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Date:   Thu, 22 Dec 2022 10:08:59 -0800
From:   "Darrick J. Wong" <>
To:     Theodore Ts'o <>
Cc:     Jun Nie <>,,,
Subject: Re: [PATCH] ext4: fix underflow in group bitmap calculation

On Thu, Dec 22, 2022 at 12:41:58PM -0500, Theodore Ts'o wrote:
> On Thu, Dec 22, 2022 at 10:02:44AM +0800, Jun Nie wrote:
> > There is case that s_first_data_block is not 0 and block nr is smaller than
> > s_first_data_block when calculating group bitmap during allocation. This
> > underflow make index exceed es->s_groups_count in ext4_get_group_info()
> > and trigger the BUG_ON.
> > 
> > Fix it with protection of underflow.
> When was this happening, and why?  If blocknr is less than
> s_first_data_block, this is either a insufficient input validation,
> insufficient validation to detection file system corruption. or some
> other kernel bug.
> Looking quickly at the code and the repro, it appears that issue is
> that FS_IOC_GETFSMAP is getting passed a stating physical block of 0
> in fmh_keys[0] when on a file system with a blocksize of 1k (in which
> case s_first_data_block is 1).  It's unclear to me what

Question -- on a 1k-block filesystem, are the first 1024 bytes of the
device *reserved* by ext4 for whatever bootloader crud goes in there?
Or is that space undefined in the filesystem specification?

I never did figure that out when I was writing the ondisk specification
that's in the kernel, but maybe you remember?

> FS_IOC_GETFSMAP should *do* when passed a value which requests that it
> provide a mapping for a block which is out of bounds (either too big,
> or too small)?.  Should it return an error?  Should it simply not
> return a mapping?  The map page for ioctl_getfsmap() doesn't shed any
> light on this question.
> Darrick, you designed the interface and wrote most of fs/ext4/fsmap.c.
> Can you let us know what is supposed to happen in this case?  Many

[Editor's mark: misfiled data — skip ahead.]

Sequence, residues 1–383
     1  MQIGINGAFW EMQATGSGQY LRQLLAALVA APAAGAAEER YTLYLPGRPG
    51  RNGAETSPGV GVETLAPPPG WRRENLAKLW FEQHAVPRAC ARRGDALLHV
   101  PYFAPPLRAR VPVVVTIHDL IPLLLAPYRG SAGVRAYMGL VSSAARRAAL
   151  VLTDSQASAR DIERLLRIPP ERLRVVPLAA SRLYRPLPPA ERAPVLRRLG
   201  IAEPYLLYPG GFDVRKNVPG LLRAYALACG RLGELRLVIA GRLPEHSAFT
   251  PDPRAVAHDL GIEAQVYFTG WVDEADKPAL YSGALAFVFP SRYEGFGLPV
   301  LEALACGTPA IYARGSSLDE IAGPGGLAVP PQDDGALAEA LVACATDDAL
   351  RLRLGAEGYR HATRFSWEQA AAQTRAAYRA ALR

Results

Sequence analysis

> thanks!!

If those first 1024 bytes are defined to be reserved in the ondisk
format, then you could return a mapping for those bytes with the owner
code set to EXT4_FMR_OWN_UNKNOWN.

If, however, the space is undefined, then going off this statement in
the manpage:

"For example, if the low key (fsmap_head.fmh_keys[0]) is set to (8:0,
36864, 0, 0, 0), the filesystem  will  only  return  records for extents
starting at or above 36 KiB on disk."

I think the 'at or above' clause means that ext4 should not pass back
any mapping for the byte range 0-1023 on a 1k-block filesystem.

If the low key is set to (8:0, 0, 0, 0, 0) and high key is set to (8:0,
1023, 0, 0, 0) then ext4 shouldn't return any mapping at all, because
there's no space usage defined for that region of the disk.

If the low key is set to (8:0, 0, 0, 0, 0) and high key is set to all
ones, then ext4 can return mappings for the primary superblock at offset


> > Fixes: 72b64b594081ef ("ext4 uninline ext4_get_group_no_and_offset()")
> This makes ***no*** sense; the commit in question is from 2006, which
> means that in some jourisdictions it's old enough to drive a car.  :-)
> Futhermore, all it does is move the function from an inline function
> to a C file (in this case, balloc.c).  It also long predates
> introduction of FS_IOC_GETFSMAP support, which was in 2017.  
> I'm guessing you just did a "git blame" and blindly assumed that
> whatever commit last touched the C code in question was what
> introduced the problem?
> Anyway, please try to understand what is going on instead of doing the
> moral equivalent of taking a sledgehammer to the code until the
> reproducer stops triggering a BUG.  It's not enough to shut up the
> reproducer; you should understand what is happening, and why, and then
> strive to find the best fix to the problem.  Papering over problems in
> the end will result in more fragile code, and the goal of syzkaller is
> to improve kernel quality.  But syzkaller is just a tool and used
> wrongly, it can have the opposite effect.
> Regards,
> 					- Ted

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